This “new normal,” on the one hand, renders full confidence to Beijing when it deals with the United States. On the other, more and more American experts begin to debate whether the U.S. should step in to overturn the fait accompli; if so, how. Herein lies the role of Taiwan’s defense policy.

During the last five years, President Tsai Ing-wen’s administration has pursued its defense policy along three main lines. The first is arms purchase from the U.S., such as F-16 jet fighters and M1A2 tanks and, for the first time in history, building eight indigenous submarines. Since all major political parties support the purchase of American weaponry, there is little controversy at home. Occasional complaints about the astronomical prices were easily brushed aside due to grossly uneven amount of information available inside and out of the administration. 

A retired U.S. admiral, who sympathizes with and understands Taiwan’s defense, once reminded me that “submarines requires a lot more supporting ships, equipment and facilities, including harbors. The overall cost will be three times that of shipbuilding itself.” The Tsai administration clapped a tight lid on this and other defense-related information. It is thus difficult for outsiders to get the total defense picture.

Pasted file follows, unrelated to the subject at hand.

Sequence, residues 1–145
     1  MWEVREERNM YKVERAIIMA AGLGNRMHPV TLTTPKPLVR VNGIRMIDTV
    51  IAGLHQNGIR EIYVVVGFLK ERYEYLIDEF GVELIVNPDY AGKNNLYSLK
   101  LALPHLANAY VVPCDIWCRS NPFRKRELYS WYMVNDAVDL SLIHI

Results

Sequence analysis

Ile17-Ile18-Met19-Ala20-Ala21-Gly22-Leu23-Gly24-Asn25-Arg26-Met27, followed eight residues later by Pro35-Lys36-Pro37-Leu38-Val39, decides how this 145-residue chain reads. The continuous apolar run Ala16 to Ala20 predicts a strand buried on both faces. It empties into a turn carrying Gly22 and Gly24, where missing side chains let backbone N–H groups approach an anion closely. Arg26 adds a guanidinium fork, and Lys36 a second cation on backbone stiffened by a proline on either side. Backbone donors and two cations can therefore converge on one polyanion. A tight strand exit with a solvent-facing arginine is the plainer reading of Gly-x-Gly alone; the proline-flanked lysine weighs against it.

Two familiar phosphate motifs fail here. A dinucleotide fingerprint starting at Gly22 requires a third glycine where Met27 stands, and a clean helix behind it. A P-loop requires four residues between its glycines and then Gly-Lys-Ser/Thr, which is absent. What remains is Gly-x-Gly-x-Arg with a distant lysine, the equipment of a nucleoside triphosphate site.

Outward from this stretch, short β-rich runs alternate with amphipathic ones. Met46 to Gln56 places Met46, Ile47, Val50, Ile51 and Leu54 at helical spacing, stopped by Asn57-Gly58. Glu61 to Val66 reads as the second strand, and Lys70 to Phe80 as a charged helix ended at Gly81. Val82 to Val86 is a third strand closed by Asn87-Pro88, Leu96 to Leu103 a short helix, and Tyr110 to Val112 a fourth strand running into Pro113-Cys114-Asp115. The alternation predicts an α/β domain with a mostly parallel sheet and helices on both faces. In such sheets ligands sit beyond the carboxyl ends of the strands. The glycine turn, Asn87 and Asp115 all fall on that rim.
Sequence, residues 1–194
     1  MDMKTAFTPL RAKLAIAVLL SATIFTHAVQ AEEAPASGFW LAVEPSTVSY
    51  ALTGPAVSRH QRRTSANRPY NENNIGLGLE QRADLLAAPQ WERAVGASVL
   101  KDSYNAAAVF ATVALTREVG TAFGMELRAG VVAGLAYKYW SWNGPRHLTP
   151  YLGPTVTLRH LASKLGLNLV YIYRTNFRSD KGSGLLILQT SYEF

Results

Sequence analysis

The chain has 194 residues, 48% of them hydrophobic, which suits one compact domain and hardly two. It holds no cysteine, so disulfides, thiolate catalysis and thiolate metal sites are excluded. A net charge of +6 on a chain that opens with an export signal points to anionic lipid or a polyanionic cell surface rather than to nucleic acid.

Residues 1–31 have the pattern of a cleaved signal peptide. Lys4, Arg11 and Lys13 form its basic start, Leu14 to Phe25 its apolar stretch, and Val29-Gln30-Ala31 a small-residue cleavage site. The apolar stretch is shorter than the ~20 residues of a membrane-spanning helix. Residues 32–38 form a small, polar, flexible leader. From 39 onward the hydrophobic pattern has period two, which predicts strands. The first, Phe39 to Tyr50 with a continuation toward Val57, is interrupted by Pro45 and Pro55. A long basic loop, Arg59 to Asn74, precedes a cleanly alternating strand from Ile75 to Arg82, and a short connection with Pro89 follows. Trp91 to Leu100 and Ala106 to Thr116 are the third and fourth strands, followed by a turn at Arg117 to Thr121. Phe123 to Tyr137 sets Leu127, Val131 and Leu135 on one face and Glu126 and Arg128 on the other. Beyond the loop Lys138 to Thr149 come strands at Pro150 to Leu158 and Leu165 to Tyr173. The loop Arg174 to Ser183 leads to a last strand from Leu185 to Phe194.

Interestingly, many Americans take issue with this line. To save Taiwan’s face, public figures remain silent. But professional writings and private conversations are animated. Some argue that those large platforms look good to the untrained eyes, but are extremely vulnerable to China’s first wave of missile strikes. Others contend that the transition time from arms purchase to war readiness is too long and too dangerous. Still others fear that the more advanced weaponry Taiwan buys from the U.S., the better trophies China may savor as spoilers of war.